Sitting atop a tall hill in northern Croatia, Trakošćan Castle looks like a castle out of a fairytale, proudly peeking its spires out above the tree line, but on closer inspection the signs of neglect have started to mar the centuries old fortification.
Originally built in the 13th century, the large manse was not the product of some lord’s need for a grand home but was instead created as a defensive fortification.
Despite its martial background, its position on top of a verdant forest hill has given it a distinctly romantic appeal.
Down the centuries the castle has been added to and rebuilt a number of times giving it a bit of a varied design sense, but losing none of its beauty.
While the original owner of the castle is unknown, the estate was passed down among a series of Croatian nobles before finally being turned over to the Croatian government in the 1950s.
In 1953 Trakošćan Castle was opened to the public as a museum housing a number of historical displays about the area, the castle, and Croatian history in general.
A man-made lake was also built at the foot of the hill making the view from the castle all the more spectacular.
in recent years the grounds have been neglected and signs of wear and age are beginning to appear.
Despite this, if you have to choose just one to visit while you are visiting Croatia, you can’t beat Trakošćan Castle for sheer storybook looks.
Lindisfarne Castle is a 16th-century castle located on Holy Island, near Berwick-upon-Tweed, Northumberland, England, much altered by Sir Edwin Lutyens in 1901. The island is accessible from the mainland at low tide by means of a causeway.
The castle is located in what was once the very volatile border area between England and Scotland. Not only did the English and Scots fight, but the area was frequently attacked by Vikings. The castle was built in 1550, around the time that Lindisfarne Priory went out of use, and stones from the priory were used as building material. It is very small by the usual standards, and was more of a fort.
The castle sits on the highest point of the island, a whinstone hill called Beblowe.
Lindisfarne’s position in the North Sea made it vulnerable to attack from Scots and Norsemen, and by Tudor times it was clear there was a need for a stronger fortification, although obviously, by this time, the Norsemen were no longer a danger. This resulted in the creation of the fort on Beblowe Crag between 1570 and 1572 which forms the basis of the present castle.
After Henry VIII suppressed the priory, his troops used the remains as a naval store. In 1542 Henry VIII ordered the Earl of Rutland to fortify the site against possible Scottish invasion.
Elizabeth I then had work carried out on the fort, strengthening it and providing gun platforms for the new developments in artillery technology.
These works in 1570 and 1571 cost £1191. When James I came to power in England, he combined the Scottish and English thrones, and the need for the castle declined. At this time the castle was still garrisoned from Berwick and protected the small Lindisfarne Harbour.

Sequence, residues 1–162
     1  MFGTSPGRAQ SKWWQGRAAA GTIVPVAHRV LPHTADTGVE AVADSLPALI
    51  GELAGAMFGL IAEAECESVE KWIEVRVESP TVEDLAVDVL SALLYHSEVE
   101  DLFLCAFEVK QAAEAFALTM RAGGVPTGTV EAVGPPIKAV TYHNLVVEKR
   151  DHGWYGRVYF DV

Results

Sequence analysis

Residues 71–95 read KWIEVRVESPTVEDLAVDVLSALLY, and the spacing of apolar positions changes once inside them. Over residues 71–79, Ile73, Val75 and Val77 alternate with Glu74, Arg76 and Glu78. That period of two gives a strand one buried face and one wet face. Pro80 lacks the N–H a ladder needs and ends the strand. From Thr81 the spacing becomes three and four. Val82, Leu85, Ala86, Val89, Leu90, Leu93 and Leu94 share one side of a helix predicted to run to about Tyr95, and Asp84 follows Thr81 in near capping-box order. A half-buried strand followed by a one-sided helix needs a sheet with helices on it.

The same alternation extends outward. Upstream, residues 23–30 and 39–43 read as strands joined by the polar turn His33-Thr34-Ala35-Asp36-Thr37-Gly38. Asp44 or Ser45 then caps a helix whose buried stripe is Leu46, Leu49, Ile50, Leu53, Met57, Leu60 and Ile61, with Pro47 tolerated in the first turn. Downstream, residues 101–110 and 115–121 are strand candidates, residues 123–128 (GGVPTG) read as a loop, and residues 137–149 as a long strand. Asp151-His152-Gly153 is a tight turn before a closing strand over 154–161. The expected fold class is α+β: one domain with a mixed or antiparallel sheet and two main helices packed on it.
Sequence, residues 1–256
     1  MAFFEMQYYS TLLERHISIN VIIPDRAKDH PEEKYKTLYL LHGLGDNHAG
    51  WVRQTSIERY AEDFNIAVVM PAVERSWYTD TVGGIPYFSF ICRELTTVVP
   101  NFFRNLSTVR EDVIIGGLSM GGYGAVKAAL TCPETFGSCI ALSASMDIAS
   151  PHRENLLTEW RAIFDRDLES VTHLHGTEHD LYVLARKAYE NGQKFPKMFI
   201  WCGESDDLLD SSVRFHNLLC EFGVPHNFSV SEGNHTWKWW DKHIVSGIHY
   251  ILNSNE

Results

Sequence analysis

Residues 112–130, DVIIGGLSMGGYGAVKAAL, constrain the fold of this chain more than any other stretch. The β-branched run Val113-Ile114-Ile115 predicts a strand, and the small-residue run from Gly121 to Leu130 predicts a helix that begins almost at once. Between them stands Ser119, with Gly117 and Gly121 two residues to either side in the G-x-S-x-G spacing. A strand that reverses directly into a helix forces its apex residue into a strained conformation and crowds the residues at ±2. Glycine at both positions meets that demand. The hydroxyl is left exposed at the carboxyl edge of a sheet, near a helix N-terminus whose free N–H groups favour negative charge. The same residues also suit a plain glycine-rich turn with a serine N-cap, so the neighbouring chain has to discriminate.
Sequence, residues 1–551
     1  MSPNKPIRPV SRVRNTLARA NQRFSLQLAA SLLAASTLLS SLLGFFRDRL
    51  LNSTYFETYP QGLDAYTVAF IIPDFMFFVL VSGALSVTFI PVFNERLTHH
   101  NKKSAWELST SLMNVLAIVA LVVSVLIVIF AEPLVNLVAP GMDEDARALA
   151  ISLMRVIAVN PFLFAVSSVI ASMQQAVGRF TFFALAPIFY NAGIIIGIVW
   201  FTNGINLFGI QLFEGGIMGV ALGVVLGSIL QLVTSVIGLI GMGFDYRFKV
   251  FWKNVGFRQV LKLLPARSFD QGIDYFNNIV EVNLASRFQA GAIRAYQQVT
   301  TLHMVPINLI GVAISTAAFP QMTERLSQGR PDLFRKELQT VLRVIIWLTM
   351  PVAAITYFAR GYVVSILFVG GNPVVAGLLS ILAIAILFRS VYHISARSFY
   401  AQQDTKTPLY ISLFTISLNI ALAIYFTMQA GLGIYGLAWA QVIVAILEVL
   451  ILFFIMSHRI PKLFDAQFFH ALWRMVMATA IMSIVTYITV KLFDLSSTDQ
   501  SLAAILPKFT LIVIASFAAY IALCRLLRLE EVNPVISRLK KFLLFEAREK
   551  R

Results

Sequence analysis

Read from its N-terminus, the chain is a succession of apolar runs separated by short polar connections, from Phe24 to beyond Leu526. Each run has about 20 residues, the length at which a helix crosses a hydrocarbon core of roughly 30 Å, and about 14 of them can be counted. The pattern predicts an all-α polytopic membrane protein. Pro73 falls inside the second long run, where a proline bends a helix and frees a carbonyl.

In the eighteenth century the castle was occupied briefly by Jacobite rebels, but was quickly recaptured by soldiers from Berwick who imprisoned the rebels; they dug their way out and hid for nine days close to nearby Bamburgh Castle before making good their escape.
Already in ruins by the time it was captured in glowing colors by romantic painter J. M. W. Turner in 1802, Dolbadarn Castle dates back to the days of the legendary Welsh ruler Llywelyn the Great in the 13th century.
The 50-foot tower of Dolbadarn Castle watched over the Llanberis Mountain Pass.
Once a strategic stronghold, it’s now mostly popular with rock climbers and outdoor adventurers who come to explore the craggy landscape.
In 1284 the castle was seized by Edward I during his invasion and conquest of Wales.
Although the castle remained a manor house until into the 14th century, the slow decline of the fortress began when Edward removed some timber to add to the construction of his great castle at Caernarfon, his seat of power.
Johann Konrad Dippel was rumoured to create potions, perform electrical therapies, and partake in gruesome experiments involving stolen body parts from the graveyard.
Born in the Castle Frankenstein in 1673, it’s disputed whether or not he was the inspiration for Mary Shelley’s mad scientist of the same name, who did some cadaver experiments of his own.
What is sure about Dippel is his colourful career as an alchemist. He attached his name to Dippel’s Animal Oil, which he discovered from the destructive distillation of animal parts and claimed as a universal medicine.
The animal oil came at the end of a wave of popularity for Iatrochemistry, which had moved alchemy from the search for creating gold to finding new medicines.
The unpleasant taste and smell, as well as the progression of medicine, made Dippel’s oil fall into disrepute by the end of the 18th century. Dippel later helped set up a laboratory in Berlin for making gold and, at one point, he ended up in prison on a Danish island for seven years due to political activities.
In 1734, he finally had a stroke and died at the Castle Wittgenstein near Berleburg, although his friends claimed he was poisoned. By his own hand or that of another, it is unclear.
The Castle Frankenstein is now in ruins, with only two towers, a restaurant and a chapel remaining. However, the perhaps mythical connection to Mary Shelley’s novel “Frankenstein” keeps it a popular destination, especially for Halloween.